A revolutionary battery breakthrough might allow electric vehicles to travel 545 miles (878 km) from Sydney to Melbourne on a single charge. The modest ingredient that enabled the discovery? A spoonful of sugar.
Simply by adding the "secret" substance, a team of researchers from Monash University has created a lighter and more sustainable rival that lasts longer to lithium-ion batteries, according to a press release by the university.
Today, our electric vehicles and mobiles phones mostly utilize lithium-ion batteries that are made using toxic and exotic materials such as cobalt, nickel, and manganese, which are becoming increasingly scarce across the world. Lithium-sulfur batteries, on the other hand, use cheaper and more abundant materials while holding two to five times more energy per kilogram than lithium-ion ones. However, they degrade rapidly as they are recharged due to the positive sulfur electrode suffering from substantial expansion and contraction weakening it and making it inaccessible to lithium.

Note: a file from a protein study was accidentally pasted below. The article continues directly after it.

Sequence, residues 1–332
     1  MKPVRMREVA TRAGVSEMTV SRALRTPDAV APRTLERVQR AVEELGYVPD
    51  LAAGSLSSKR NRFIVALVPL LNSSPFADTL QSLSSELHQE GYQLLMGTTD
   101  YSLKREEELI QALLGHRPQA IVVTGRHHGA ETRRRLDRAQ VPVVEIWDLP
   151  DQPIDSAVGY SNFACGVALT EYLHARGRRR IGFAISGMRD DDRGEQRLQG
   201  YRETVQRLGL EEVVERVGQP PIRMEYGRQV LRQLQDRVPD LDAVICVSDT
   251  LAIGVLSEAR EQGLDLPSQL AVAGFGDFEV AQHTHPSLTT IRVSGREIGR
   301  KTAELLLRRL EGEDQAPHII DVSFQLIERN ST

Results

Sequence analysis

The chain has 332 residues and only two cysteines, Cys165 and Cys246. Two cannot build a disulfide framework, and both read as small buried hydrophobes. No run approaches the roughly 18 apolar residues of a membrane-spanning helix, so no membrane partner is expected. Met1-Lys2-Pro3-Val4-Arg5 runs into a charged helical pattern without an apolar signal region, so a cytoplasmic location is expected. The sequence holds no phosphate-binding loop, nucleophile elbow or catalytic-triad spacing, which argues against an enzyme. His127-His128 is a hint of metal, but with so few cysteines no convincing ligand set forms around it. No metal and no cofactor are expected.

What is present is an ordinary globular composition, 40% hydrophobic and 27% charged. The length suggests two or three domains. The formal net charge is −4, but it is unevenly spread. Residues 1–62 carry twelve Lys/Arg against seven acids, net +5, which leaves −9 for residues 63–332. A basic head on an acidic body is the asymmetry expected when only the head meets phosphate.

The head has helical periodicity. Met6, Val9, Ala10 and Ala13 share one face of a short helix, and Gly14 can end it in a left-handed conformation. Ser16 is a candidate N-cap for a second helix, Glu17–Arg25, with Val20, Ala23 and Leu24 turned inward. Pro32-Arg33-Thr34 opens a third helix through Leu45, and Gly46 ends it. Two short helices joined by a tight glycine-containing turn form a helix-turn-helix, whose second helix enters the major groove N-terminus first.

This new study shines the light on a potential solution to this problem. The Monash University team has discovered a way of making lithium-sulfur batteries that can be recharged 1,000 times, according to the research published in the journal Nature Communications, and they say the batteries cost substantially less to make than lithium-ion equivalents.
The Monash team had demonstrated last year that they could open the structure of the sulfur electrode to allow for...
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